In India, by law, forensic or medico-legal autopsy is carried out without the consent of the relatives. In such a scenario, the response of relatives can vary greatly, ranging from objection to approval. Investigation into the experiences of the next of kin will help both family and forensic experts to deal with the borderline situations that are so often encountered. [2],[3] A recently expressed opinion states that autopsy is not something that should be performed as a favor to the family, but is something to which the family has a right, of which they should be informed. [4]

Currently, a greater emphasis is being placed on the active participation of patients and their families; it is time that the attitudes and feelings of the families with regard to autopsies are investigated. [5] The experiences of deceased family members will teach the forensic fraternity on how to handle an autopsy. Therefore, the present study was planned with an objective to analyze and ascertain deceased family member's attitudes toward medico-legal investigation and forensic autopsy. An additional objective was to determine factors influencing autopsy refusal by relatives of the deceased.


  Materials and Methods Top


The present cross-sectional survey was conducted at the Department of Forensic Medicine, MM Institute of Medical Sciences, during May 2011 to April 2012. The study population consisted of relatives or family members of the deceased. The inclusion criteria were that an autopsy had to have been performed at the MM Institute of Medical Sciences and that the relatives or family members of the deceased were available. A list of the address and contact number was prepared for all the cases on whom autopsy was performed from 2010 to 2012. A sample of 200 study subjects was randomly chosen from the list with the help of a random number generator.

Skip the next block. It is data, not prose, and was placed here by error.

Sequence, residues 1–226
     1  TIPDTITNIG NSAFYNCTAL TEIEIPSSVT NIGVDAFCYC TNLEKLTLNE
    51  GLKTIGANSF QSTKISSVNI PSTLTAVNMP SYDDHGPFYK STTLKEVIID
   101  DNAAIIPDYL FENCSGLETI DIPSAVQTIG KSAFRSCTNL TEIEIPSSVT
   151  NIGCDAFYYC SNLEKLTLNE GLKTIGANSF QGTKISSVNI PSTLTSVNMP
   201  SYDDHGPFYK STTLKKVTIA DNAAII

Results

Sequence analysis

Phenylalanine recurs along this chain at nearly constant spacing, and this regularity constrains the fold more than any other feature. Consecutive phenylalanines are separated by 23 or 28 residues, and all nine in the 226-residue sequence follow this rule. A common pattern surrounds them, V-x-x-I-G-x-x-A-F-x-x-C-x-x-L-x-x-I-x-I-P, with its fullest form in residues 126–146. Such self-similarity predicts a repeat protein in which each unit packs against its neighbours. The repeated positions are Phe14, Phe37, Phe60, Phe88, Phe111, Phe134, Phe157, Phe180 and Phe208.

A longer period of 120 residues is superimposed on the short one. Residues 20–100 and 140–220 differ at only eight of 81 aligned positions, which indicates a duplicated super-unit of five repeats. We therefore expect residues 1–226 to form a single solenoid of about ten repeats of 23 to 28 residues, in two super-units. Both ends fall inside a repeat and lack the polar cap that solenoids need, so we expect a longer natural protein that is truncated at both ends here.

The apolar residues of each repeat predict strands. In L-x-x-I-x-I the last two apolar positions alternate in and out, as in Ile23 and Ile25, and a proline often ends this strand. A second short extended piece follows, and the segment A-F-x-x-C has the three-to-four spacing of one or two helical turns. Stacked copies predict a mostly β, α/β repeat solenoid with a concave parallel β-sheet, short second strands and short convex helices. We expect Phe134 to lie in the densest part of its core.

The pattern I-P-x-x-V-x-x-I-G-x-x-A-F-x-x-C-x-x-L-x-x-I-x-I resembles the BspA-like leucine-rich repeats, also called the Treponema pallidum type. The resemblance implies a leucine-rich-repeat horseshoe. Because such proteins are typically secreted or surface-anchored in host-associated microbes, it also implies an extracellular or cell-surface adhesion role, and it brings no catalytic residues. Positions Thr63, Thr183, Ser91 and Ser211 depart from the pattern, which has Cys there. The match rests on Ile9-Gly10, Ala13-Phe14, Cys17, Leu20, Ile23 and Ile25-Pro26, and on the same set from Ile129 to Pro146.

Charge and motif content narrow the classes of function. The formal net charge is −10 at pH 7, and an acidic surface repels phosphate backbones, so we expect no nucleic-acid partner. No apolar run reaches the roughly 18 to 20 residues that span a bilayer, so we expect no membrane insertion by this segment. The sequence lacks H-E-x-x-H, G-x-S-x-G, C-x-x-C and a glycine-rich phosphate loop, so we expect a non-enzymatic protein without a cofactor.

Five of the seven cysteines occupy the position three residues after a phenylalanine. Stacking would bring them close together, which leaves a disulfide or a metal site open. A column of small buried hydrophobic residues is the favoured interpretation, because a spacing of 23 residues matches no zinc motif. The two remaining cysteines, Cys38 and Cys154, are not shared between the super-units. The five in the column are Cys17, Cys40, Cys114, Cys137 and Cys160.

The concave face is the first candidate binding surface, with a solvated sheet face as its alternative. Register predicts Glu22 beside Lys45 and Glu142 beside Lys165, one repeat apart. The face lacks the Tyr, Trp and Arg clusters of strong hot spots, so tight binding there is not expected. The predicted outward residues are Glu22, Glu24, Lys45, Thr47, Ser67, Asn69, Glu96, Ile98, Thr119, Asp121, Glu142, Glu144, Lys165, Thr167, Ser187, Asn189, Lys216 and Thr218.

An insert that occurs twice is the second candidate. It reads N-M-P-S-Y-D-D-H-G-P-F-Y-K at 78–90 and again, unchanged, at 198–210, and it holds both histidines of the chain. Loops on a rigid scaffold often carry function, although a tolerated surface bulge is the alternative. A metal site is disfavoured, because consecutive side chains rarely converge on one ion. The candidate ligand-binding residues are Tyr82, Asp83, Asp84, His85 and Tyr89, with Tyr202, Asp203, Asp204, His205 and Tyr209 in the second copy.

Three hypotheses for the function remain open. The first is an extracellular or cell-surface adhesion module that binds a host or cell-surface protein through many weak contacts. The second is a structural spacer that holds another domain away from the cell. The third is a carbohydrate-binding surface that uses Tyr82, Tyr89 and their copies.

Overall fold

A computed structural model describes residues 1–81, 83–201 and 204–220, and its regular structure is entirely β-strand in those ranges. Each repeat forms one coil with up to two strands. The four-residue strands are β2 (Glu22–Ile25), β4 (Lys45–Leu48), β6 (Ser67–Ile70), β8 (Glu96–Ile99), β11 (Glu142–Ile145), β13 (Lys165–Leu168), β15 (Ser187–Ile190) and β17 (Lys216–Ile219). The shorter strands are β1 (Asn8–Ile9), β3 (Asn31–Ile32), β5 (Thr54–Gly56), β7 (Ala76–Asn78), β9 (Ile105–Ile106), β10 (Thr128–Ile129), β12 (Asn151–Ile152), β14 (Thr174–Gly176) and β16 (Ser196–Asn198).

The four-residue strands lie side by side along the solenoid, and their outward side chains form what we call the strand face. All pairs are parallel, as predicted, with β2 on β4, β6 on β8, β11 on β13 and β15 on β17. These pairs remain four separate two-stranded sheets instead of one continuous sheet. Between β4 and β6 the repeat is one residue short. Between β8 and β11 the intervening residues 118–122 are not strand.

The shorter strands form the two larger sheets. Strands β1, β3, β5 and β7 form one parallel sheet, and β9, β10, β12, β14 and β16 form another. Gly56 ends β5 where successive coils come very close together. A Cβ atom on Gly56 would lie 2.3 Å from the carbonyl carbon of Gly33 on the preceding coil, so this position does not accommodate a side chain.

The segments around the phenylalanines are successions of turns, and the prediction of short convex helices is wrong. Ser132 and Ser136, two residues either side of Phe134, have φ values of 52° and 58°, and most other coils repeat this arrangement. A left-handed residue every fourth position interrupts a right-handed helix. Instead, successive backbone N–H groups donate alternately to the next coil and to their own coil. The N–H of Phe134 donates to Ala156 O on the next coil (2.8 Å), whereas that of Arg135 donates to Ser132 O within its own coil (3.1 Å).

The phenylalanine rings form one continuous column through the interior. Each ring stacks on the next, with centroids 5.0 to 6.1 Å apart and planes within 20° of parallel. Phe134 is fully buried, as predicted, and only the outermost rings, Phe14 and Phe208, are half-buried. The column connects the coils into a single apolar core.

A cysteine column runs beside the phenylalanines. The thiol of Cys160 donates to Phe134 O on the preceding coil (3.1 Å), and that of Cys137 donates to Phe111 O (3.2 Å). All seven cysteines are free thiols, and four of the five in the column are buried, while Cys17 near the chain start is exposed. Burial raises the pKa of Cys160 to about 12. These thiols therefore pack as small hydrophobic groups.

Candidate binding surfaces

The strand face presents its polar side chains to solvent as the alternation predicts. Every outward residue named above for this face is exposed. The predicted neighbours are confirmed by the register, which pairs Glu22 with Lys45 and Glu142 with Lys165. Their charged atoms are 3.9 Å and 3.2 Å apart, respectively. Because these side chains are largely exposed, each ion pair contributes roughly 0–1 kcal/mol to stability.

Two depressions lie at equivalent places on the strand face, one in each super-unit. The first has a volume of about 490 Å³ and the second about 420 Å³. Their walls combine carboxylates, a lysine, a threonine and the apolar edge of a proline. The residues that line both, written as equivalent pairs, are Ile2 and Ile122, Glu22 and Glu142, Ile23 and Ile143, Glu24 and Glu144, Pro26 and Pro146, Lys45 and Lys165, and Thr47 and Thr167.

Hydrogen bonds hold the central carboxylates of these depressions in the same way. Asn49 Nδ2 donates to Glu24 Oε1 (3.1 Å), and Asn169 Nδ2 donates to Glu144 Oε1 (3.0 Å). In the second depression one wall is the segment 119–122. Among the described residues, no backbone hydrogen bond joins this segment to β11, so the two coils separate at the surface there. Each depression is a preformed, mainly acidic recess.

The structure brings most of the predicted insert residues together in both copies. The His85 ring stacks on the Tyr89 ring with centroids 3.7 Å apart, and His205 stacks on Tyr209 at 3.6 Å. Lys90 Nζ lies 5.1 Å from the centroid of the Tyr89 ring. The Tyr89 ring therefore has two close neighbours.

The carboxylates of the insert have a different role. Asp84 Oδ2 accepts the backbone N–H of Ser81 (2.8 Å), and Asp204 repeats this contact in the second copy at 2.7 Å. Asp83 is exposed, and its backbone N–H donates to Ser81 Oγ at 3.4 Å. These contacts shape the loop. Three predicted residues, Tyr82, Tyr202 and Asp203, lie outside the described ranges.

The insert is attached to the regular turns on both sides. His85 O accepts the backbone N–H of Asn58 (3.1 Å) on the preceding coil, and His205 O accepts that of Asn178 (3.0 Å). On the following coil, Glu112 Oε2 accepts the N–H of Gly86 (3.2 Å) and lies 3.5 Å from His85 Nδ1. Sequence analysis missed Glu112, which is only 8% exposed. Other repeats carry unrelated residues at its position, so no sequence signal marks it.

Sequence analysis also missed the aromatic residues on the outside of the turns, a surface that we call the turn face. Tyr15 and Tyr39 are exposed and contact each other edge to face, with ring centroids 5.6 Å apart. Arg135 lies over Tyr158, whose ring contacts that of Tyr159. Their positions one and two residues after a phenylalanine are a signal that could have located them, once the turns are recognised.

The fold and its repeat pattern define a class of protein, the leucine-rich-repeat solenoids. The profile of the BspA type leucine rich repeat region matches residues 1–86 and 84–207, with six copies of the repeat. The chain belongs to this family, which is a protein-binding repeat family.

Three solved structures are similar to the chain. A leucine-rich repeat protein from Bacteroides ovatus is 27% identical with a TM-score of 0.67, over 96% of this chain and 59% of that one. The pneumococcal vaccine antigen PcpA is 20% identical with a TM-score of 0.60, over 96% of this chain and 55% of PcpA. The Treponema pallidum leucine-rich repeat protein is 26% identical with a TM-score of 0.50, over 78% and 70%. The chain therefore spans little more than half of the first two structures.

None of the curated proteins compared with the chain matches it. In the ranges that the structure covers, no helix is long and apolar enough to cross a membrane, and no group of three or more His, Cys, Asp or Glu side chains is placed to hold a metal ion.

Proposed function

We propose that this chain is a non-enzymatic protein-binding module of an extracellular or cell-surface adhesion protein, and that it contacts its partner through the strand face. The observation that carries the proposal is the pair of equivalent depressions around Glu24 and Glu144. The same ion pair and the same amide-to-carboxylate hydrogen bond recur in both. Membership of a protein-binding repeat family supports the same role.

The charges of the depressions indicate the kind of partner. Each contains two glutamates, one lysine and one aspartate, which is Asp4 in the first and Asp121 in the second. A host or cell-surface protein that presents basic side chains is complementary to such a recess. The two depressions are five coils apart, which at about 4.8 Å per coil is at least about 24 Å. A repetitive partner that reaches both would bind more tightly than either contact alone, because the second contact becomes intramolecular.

All the 200 randomly selected family members or relatives were approached by the author (a postgraduate student from the Department of Forensic Medicine). From 3 to 4 months after the autopsy, a postgraduate who had experience with the grieving process and with grief counselling visited the household of the deceased to conduct a verbal interview. If a telephone number was available, an advance appointment was made with an appropriate respondent. Eighteen families could not be traced and contacted and hence were excluded from the study. Of the 182 families with whom the author could make contact, 17 did not consent for participation in the study and were again excluded from study. Finally, 165 study subjects participated in the study. One hundred and fifteen family members or relatives accepted that they were not willing for autopsy (Group A) and that it was forcibly conducted against their wish, and the remaining 50 family members or relatives were in the view that autopsy was conducted with their wish (Group B).

Written informed consent was obtained in the local language from every study subject before conducting each interview. They were explained about the nature and purpose of the study and were requested to participate in the study. To obtain consent, the author read the contents of the consent information sheet out loud to each respondent, who was given the opportunity to ask the questions. It took an average of 20 min to complete each interview.


  Results Top


Of the 200 study subjects approached, data of 165 subjects were processed and analyzed. Majority (79.4%) of the respondents were in the age group of 30-50 years. 88.4% of the study subjects were male. Most (80.6%) of them were Hindus. 30.9% of the respondents had a primary level of education, while 35.2% of them were illiterate.

Of a total of 165 autopsied cases, 27 were homicidal, eight were natural death cases (sudden death or illness), 98 were accidental cases and the remaining 32 were suicidal cases [Figure 1].